Niche Something-Or-Other

I’ve been thinking–dangerous as that may be–about regular features I can do on this blog: what I can offer that three hundred other people can’t.

Okay:

1) I’m a romance novelist.

2) I’ve studied a fair amount of wacky occult historical stuff. Enough to know about a number of interesting theories and people.

3) I, um, play a lot of video games.

So the regular feature here–I’ll try for every week, though I may not always succeed–is romance plots (and possibly more general interpersonal relationships) in video games. I’m going to start with The Secret of Monkey Island, because yay nostalgia, probably go on to Dragon Age, which I’m currently playing, and then move into Shadow Hearts, which also gets the occult wackiness. (As do the other games, a little, so that might come up too.) If it stays hot, I may postpone the last one: my PS2 is in a windowless room.

Eventually, I will probably tackle the Final Fantasy games, at which point the phrases “oh my God SHUT UP” and “Cecil, you goddamn moron” may appear as tags. I will also take suggestions for games. Fair warning: I have very little patience for spinelessness, jealousy, or uber-dependent heroines; I also do not bear gracefully with either the Love Makes You Dumb or
Love Makes You Crazy
tropes, especially when displayed by people I’m supposed to be rooting for.

The occult wackiness posts will probably be a little less regular, just because they hinge on something poking at my brain cells. Hopefully frequently, though.

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Serious Business Tiems

So I’ve been sort-of-following the Thing About Heinlein, and by “sort of following” I mean that I read Jim Hines’s blog post about it, and then I went over to Tor and read half of a column and…just so you guys know? Talking about the Innate EvoPsych Differences Between Women and Men makes my head asplode, as the kids say. Let me just say that I disagree. Fervently.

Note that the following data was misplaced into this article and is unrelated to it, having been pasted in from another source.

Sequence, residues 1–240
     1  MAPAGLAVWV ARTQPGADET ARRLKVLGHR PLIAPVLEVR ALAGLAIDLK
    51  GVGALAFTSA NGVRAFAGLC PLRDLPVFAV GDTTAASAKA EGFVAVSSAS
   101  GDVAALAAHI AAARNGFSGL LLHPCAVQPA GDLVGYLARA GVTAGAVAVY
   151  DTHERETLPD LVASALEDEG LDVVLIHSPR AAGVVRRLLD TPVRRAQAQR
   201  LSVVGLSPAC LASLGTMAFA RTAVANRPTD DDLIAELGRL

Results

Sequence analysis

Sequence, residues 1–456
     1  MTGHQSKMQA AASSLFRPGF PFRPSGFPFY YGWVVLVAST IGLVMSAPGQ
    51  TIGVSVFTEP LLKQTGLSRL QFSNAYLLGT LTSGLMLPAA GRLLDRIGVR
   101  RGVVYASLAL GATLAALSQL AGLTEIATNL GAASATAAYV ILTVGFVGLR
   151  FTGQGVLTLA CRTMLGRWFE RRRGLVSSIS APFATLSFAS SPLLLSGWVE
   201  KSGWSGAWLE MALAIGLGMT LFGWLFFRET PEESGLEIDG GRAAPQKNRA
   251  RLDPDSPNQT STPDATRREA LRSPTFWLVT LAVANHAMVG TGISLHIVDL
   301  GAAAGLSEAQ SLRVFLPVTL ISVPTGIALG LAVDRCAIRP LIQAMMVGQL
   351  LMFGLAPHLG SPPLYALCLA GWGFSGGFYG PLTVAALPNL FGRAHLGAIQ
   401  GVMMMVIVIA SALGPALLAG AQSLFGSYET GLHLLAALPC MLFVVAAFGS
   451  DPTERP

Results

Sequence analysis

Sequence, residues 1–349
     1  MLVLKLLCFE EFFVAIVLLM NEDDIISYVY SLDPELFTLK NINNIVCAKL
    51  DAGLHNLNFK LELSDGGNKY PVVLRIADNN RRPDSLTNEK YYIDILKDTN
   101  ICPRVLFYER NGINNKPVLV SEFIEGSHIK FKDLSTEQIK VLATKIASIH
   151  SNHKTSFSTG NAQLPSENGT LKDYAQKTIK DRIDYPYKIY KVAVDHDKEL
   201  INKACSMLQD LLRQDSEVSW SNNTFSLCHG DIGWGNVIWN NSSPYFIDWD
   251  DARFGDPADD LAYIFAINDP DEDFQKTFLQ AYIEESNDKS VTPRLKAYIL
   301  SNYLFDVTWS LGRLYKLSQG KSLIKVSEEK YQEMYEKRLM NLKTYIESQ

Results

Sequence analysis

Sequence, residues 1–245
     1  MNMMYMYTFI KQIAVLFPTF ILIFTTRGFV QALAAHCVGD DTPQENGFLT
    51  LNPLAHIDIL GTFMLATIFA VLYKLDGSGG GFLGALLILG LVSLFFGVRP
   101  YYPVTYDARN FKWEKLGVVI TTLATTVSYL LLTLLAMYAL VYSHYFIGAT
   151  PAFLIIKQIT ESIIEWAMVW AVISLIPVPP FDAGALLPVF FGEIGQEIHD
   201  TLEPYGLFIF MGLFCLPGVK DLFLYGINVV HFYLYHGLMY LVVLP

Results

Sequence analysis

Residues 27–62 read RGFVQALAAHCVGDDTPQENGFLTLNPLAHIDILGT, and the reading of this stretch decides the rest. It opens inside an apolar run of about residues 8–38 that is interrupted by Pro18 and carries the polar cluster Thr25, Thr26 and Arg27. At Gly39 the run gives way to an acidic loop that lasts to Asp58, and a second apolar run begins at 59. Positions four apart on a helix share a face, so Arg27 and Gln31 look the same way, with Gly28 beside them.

Anyhow, I have not read a whole lot of Heinlein, being not so much into hard SF. The stuff I have read struck me as, yes, sexist–in a fairly condescending “ooh, look at the neat alien creatures that are women” way–though possibly, as others have pointed out, average or even forward-thinking for his time, which was a pretty damn sexist time. That point has been discussed elsewhere, and they’re good discussions, but the discussion over on Mr. Hines’s LJ raised a point that I’ve talked about elseblog before, and that bears repeating, I think, because I see a lot of defensiveness whenever someone mentions problematic content in the works of [Author People Like].

Here it is: you can enjoy fiction whose sentiments you don’t agree with.

You really can. I love Stephen King, but the man leans on the Magical X button and does not stop, especially in his early works. (Also, the “science and rationality are evil” thing bugs: yes, Stephen, you were a hippie back in the day, WE GET IT.) Of the main female characters in Dragonlance, the only one whose deal doesn’t center around a guy is Evil–and I won’t get into my feelings about the other women right now, because we will be here all day–but the world itself is a lot of fun, and I like the poetry. Lovecraft…changed the way we look at horror, and many contemporary writers–myself included–owe a great debt to his cosmology, but was the man racist? Oh my GOD.

I think that I can read any of the above without being a bad person, or a bad feminist. I don’t even think that I’m obligated to consider the issues at length, or while I’m reading the books in question–we, as a species, can overlook a lot, and sometimes that’s a good thing. I do think that I’m obligated to acknowledge the issues when they come up and why those issues might push a lot of people’s buttons, or to gracefully bow out of the conversation if I can’t do that, rather than trying to deny that they exist.